26-28 March 2018
Stuttgart, Germany
Europe/Berlin timezone

Hans-Joachim Bungartz


Monday, 26 March 2018

11:45am - 12:30pm

Campus Stuttgart-Vaihingen, Pfaffenwaldring 47

Room V 47.03


Citius, altius, fortius!

What makes HPC actually “high-performing”? Much more than the large-scale computational problems we are facing today and the resulting involvement of state-of-the-art large-scale systems typically mentioned in that context, it is the permanent pursuit of efficiency at all levels to obtain the high performance desired. But what exactly is performance, and how is efficiency defined, given the completely different meanings that exist of both notions? And what is necessary to sustainably ensure that efficiency – including hardware-conscious programming and code tuning, but going far beyond that? Which lessons from HPC related to both algorithm and performance engineering can and should be learnt and adopted also in “normal” programming contexts, outside the high-end systems; and which are the challenges specific to those high-end systems at the eve of exa-scale? Finally, last but not least, how can those contents be taught suitably in an educational context? The talk will address and discuss these questions.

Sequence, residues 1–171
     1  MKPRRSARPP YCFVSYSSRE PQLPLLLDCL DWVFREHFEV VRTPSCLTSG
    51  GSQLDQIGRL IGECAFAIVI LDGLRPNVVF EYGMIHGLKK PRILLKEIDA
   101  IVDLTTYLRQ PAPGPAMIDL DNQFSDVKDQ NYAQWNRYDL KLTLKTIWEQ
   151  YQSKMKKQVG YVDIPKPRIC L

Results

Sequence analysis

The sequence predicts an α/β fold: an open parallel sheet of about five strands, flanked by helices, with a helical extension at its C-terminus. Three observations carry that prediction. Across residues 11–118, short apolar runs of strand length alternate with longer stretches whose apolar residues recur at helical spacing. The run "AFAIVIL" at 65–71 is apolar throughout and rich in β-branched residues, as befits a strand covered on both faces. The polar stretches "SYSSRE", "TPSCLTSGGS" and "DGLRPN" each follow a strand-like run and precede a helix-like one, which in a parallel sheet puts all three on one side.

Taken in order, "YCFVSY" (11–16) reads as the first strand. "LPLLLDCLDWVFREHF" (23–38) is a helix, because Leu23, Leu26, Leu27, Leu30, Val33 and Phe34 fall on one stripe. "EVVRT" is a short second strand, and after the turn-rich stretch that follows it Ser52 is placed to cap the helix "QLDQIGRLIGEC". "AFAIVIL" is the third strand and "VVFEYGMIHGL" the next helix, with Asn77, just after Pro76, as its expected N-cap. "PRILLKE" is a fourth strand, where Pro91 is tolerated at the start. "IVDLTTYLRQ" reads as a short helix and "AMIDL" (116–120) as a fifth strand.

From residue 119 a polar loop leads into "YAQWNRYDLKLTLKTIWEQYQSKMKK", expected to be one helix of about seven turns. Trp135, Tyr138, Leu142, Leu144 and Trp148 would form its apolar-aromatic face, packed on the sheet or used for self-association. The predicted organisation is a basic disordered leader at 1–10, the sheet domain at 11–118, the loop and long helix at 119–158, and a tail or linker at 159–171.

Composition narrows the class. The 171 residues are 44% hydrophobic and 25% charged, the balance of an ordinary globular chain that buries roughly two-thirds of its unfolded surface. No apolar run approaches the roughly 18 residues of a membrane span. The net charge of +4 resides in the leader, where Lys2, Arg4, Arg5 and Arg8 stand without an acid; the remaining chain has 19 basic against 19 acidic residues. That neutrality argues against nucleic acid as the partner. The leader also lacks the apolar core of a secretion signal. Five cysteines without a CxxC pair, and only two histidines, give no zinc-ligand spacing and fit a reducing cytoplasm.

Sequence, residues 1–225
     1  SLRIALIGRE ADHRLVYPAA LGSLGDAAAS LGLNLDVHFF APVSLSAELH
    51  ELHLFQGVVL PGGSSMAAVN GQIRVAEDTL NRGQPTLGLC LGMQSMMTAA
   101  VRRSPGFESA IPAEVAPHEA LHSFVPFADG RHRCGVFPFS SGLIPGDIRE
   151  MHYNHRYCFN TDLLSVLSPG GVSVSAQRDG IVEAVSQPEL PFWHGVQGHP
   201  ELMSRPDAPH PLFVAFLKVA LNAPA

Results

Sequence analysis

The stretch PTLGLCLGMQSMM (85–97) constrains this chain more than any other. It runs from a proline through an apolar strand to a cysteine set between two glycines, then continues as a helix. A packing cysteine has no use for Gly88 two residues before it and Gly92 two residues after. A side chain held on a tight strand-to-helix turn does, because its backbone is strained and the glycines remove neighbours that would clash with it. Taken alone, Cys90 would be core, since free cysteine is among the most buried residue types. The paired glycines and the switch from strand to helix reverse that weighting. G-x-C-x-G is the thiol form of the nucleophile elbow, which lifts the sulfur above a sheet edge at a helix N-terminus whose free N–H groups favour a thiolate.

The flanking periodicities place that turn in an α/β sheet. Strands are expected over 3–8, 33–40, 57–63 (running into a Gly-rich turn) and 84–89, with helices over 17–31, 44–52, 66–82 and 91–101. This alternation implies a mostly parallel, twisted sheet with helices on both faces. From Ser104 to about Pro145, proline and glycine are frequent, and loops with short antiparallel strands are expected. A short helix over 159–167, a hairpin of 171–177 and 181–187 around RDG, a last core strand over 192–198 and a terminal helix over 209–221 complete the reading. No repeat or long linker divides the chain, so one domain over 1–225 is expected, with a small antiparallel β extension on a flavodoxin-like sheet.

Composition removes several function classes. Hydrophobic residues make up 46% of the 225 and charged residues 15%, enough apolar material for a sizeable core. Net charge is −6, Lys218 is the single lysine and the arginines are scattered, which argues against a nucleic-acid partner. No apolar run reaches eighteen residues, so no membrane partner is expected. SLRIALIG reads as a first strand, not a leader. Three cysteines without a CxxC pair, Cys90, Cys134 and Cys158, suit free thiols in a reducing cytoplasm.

Hans-Joachim Bungartz is a Professor of Informatics and Mathematics at TUM and holds the Scientific Computing chair in TUM’s Informatics Department. After having earned degrees in Mathematics and Informatics from TUM, he became Associate Professor of Mathematics at University of Augsburg, then Full Professor of Informatics at University of Stuttgart, and returned to TUM in 2005. Since 2013, he has been both Dean of Informatics and Graduate Dean, with responsibility of doctoral education TUM-wide.

Dr. Bungartz has served on various editorial, advisory, or review boards. In 2011, he became chairman of the DFN. Furthermore, he is a board member of Leibniz Supercomputing Center. In 2016, he joined the steering committee of the Council for Doctoral Education of the European University Association.

His research interests are where Scientific Computing, CSE, and HPC meet. This includes parallel computing, hardware-aware numerics, high-dimensional problems, and aspects of HPC software, with applications such as fluid dynamics or plasma physics. Most of his projects are interdisciplinary ones – e.g., he is one of the coordinators of DFG’s Priority Program SPPEXA.




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